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Left Turn Editors
Date Published: 
January 01, 0001

With low poll numbers, high-profile indictments, worldwide condemnation and increasing criticism from within their own party, the Bush administration seems to finally have lost their air of invulnerability. In fact, it appears that a new scandal breaks almost every week. From going on the defensive on torture to admitting that the administration has illegally been spying on it’s citizens, Bush and co. have stayed on the run from the media and down in public opinion—the source of this unrest are the two ongoing disasters of New Orleans and Iraq.

No event has dramatized the warped priorities of the current regime quite like the continuing Gulf Coast catastrophe. In this issue we bring both coverage of the politics of race and reconstruction to the ongoing organizing for a just relief and the long history of cultural resistance in New Orleans. From New Orleans we move into coverage of environmental justice issues and the economic crisis. As Zein El-Amine points out in his editorial, the process of gentrification, privatization and environmental destruction taking place in New Orleans is an accelerated model of a similar process of devastation taking place on the communities and schools in urban areas across the country.

Scenes of mercenary corporations and profiteers like Halliburton and Blackwater moving in to New Orleans to make a killing off of people’s misery was an all too familiar sight from post-occupation Iraq. In this issue we continue our coverage of the Iraqi resistance in a truly special piece by activist and journalist Ewa Jasiewicz. Though the Bush administration may hype the recent elections in hopes to regain support for their disastrous rule in Iraq, it is the grassroots groups working across sectarian lines who bring real hope of a better future for Iraq, beyond occupation.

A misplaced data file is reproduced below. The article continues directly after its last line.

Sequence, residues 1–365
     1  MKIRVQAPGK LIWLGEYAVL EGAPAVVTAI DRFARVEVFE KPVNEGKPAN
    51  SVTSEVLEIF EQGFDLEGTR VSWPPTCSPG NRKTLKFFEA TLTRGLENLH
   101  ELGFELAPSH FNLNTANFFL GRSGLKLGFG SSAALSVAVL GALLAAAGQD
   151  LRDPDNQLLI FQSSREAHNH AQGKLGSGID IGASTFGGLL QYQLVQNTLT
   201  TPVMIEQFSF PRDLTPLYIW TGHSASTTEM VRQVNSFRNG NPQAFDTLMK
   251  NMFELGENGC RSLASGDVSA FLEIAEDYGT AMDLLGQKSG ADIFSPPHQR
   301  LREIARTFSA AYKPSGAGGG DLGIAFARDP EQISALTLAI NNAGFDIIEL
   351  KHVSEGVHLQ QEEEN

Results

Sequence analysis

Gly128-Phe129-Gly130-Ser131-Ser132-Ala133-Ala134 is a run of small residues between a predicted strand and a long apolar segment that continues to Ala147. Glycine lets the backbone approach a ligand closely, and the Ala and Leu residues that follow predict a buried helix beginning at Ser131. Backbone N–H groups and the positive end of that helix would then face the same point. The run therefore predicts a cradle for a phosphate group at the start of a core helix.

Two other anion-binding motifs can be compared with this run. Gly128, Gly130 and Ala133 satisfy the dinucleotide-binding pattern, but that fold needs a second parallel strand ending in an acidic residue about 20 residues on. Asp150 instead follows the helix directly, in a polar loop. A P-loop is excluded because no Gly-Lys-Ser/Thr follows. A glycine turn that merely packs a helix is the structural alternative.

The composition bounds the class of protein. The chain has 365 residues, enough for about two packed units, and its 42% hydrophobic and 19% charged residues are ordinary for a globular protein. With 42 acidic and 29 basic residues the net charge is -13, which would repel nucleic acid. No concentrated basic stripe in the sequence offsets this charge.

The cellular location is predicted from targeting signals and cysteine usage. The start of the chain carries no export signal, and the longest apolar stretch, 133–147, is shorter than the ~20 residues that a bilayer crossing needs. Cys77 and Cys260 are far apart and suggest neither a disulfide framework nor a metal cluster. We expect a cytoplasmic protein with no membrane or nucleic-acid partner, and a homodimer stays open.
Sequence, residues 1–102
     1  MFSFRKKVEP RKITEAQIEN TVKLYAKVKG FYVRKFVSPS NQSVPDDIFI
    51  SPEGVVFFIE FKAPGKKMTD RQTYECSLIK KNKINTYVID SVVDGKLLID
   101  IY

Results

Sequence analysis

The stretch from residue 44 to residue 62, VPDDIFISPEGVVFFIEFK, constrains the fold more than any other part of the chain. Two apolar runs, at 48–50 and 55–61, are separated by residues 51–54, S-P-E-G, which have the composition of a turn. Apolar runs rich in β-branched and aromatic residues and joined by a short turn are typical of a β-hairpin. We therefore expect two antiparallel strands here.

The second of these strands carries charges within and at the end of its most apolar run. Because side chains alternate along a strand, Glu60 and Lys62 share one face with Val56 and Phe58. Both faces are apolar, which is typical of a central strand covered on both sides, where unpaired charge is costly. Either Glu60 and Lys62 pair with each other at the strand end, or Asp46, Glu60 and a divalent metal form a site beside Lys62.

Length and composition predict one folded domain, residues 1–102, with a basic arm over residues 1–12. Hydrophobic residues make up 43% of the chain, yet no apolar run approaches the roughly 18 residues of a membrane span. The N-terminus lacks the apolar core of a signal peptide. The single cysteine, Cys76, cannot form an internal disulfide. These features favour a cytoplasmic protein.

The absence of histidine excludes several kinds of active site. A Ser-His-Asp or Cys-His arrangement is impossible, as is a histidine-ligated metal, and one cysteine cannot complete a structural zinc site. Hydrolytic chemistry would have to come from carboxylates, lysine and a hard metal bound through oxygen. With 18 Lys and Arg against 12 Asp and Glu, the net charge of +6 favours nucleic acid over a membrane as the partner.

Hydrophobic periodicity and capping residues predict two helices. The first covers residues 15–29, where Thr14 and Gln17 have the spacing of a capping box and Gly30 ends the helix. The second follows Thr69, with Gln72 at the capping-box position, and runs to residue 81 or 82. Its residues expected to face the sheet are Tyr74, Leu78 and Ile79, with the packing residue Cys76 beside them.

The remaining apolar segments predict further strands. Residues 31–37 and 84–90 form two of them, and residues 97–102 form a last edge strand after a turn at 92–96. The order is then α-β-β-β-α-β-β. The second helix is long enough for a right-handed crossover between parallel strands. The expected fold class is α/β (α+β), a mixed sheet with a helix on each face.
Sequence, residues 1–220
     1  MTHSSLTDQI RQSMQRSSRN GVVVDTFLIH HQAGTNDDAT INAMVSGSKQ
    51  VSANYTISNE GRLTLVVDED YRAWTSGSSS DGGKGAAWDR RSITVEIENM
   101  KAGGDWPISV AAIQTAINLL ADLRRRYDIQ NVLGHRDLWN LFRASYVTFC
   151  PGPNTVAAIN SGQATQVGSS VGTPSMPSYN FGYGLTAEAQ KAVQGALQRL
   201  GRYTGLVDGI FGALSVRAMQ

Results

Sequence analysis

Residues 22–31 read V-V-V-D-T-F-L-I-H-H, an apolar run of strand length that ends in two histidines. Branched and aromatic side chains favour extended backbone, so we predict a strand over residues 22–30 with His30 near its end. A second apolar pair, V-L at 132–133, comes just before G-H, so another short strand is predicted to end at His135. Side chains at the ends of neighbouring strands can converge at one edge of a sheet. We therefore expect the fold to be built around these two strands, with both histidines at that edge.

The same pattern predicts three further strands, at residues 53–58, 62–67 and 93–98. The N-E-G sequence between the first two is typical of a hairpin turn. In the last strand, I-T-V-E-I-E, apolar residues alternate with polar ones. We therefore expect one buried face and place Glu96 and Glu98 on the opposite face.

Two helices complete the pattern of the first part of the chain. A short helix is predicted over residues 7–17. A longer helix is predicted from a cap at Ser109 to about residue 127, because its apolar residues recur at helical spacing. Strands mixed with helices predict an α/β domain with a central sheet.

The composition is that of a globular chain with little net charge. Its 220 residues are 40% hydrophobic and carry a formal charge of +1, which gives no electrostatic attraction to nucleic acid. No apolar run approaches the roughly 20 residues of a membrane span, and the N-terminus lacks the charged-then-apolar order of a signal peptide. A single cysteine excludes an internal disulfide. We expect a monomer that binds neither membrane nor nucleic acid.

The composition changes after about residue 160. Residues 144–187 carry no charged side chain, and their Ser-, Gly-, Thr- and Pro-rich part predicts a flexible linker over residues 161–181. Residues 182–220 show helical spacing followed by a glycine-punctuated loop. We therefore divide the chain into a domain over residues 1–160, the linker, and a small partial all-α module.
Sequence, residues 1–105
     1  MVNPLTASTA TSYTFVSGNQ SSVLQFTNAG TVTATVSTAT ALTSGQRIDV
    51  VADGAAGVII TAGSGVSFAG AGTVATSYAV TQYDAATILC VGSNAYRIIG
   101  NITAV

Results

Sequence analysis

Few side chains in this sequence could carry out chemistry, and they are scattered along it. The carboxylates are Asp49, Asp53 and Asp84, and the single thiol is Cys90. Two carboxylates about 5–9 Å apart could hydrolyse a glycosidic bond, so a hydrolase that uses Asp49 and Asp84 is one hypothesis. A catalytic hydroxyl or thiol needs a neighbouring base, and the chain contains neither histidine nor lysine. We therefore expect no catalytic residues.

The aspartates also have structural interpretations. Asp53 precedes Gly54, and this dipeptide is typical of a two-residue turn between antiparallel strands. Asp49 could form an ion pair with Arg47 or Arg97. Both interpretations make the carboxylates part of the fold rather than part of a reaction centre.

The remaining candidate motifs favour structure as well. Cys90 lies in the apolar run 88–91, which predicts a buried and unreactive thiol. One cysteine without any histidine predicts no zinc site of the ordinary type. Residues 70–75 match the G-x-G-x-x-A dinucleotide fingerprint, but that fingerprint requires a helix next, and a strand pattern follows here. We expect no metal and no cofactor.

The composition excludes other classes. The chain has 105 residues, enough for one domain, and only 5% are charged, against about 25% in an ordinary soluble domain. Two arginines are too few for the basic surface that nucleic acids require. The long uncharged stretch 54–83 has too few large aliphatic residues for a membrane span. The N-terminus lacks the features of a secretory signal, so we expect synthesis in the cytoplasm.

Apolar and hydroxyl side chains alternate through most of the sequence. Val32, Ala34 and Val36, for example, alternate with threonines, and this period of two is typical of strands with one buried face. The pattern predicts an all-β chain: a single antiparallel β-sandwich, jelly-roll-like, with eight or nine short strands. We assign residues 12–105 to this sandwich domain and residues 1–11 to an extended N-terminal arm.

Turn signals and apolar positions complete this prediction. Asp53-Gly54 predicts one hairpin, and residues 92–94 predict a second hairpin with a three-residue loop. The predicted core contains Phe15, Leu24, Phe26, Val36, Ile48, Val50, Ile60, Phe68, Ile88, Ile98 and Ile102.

Through the stories of survival and fight backs we hope to bring to you some of the threads of the resistance to racist policies and endless wars. People from New Orleans to Iraq are refusing to submit to the attacks on their cities, communities, cultures and environment they face from the neoliberal economic policies, corporate profiteering and militarism.

As this issue goes to print we also take hope from several ongoing victories in Latin America and in Hong Kong. We are inspired by the creative and militant protests against the World Trade Organization in Hong Kong, particularly the workers, students and farmers from across Asia and around the world who outlined a people’s economic priorities. In Bolivia Evo Morales, an indigenous leader in the movement against neoliberalism seems to have won with a large margin.

In hope,
The editors